Tesla CEO Elon Musk said Monday he is “very confident” the automaker will operate 1 million robotaxis next year. The mass of Teslas already on the road have been aiding in data collection used to enhance self-driving software.
The service won’t be “in all jurisdictions, because we won’t have regulatory approval everywhere, but I am confident we will have at least regulatory approval somewhere, literally next year,” Musk said at the firm’s Autonomy Investor Day.
Tesla’s software powers an Autopilot feature enabling highway navigation and lane changes as well as the ability to summon a vehicle from a parking space. Engineers expect their cars to be able to function on city streets and to respond to stop signs and traffic lights later this year.
Why It’s Important
Tesla’s service would emerge not a moment too soon. Lyft Inc (NASDAQ: LYFT) and Uber have already primed the ride-sharing market and prepared commuters for a future without car ownership.
Waymo began piloting its autonomous ride-share service last year, and General Motors Company (NYSE: GM) aims to launch its Cruise service some time this year.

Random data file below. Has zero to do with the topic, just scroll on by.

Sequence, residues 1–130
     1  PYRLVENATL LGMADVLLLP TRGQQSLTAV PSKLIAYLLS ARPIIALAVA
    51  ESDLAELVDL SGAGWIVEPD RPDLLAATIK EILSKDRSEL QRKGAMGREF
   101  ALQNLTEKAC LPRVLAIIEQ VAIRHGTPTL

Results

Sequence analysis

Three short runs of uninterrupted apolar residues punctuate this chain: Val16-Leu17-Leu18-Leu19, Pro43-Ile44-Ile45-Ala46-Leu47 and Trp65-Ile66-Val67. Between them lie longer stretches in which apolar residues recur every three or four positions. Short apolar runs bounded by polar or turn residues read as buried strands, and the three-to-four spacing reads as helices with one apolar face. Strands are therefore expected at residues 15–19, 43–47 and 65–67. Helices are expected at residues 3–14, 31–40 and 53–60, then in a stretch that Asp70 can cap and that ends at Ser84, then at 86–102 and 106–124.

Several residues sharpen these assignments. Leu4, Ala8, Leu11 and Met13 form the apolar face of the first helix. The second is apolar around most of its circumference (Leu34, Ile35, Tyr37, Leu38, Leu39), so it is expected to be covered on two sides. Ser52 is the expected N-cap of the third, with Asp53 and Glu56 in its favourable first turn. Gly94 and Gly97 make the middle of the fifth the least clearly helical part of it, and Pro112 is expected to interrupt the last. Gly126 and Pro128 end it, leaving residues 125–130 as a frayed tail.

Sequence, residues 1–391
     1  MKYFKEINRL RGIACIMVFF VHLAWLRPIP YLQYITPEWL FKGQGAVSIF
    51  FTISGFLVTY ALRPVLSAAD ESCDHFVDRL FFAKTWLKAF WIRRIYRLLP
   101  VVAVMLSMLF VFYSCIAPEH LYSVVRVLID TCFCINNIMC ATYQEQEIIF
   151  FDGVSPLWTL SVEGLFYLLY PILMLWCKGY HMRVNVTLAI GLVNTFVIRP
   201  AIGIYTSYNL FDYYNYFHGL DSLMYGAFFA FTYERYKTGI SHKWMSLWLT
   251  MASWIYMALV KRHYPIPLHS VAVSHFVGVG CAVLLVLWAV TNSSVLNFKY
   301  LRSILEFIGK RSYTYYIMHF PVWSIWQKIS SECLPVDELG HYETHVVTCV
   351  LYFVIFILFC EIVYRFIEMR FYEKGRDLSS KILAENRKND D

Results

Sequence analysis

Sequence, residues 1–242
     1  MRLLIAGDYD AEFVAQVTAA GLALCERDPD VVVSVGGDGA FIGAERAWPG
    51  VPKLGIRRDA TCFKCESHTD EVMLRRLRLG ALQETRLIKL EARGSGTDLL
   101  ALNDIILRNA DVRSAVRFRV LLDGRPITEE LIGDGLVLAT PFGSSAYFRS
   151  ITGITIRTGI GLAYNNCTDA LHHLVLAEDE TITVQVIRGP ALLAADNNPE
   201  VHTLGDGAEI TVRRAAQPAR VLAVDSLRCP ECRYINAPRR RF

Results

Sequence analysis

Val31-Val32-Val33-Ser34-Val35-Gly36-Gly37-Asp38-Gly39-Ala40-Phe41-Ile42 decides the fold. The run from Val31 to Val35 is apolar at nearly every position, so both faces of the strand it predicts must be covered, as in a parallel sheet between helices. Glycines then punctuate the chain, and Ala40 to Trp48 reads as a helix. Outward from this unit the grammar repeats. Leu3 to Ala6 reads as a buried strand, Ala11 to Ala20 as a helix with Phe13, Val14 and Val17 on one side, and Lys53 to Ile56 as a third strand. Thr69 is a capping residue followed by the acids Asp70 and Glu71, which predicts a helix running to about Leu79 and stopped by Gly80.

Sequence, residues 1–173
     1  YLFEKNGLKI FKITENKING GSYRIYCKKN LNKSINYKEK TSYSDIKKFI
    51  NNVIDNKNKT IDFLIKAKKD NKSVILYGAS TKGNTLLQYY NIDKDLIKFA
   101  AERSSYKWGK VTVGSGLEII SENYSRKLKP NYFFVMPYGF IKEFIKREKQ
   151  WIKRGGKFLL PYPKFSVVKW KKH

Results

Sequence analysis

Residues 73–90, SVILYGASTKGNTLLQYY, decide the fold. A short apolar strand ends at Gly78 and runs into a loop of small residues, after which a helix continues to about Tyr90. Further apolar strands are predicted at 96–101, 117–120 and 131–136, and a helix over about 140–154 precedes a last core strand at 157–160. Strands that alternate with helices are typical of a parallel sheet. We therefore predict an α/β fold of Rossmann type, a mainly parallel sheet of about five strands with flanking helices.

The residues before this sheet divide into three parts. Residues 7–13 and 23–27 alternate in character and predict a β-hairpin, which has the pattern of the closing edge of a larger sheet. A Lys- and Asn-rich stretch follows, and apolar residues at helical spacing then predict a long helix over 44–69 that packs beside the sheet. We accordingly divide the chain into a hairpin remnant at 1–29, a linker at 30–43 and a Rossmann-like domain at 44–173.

Ford Motor Company (NYSE: F) also began testing its competitor and set a 2021 target for widespread release. The project is being supported by a data-sharing partnership with Uber and Lyft. Notably, Ford shuttered its Chariot ride-share program earlier this year.
Musk warned his timeline may be off, as it historically has been, but he assured his vision would eventually come to fruition.
Tesla releases its first-quarter earnings this Wednesday.
Tesla traded lower by 3.8 percent in Monday's session and was down about 1.4 percent Tuesday morning at $259 per share.
Needham: Tesla Nearing The End Of Its Growth Spurt
Musk's DC-Baltimore Loop Tunnel Clears Regulatory Hurdle
See more from Benzinga
- Tesla, Panasonic Pull Back On Gigafactory Investments
- Report: US Senators To Introduce Bill Expanding EV Tax Credit By 400K Vehicles
© 2019 Benzinga.com. Benzinga does not provide investment advice. All rights reserved.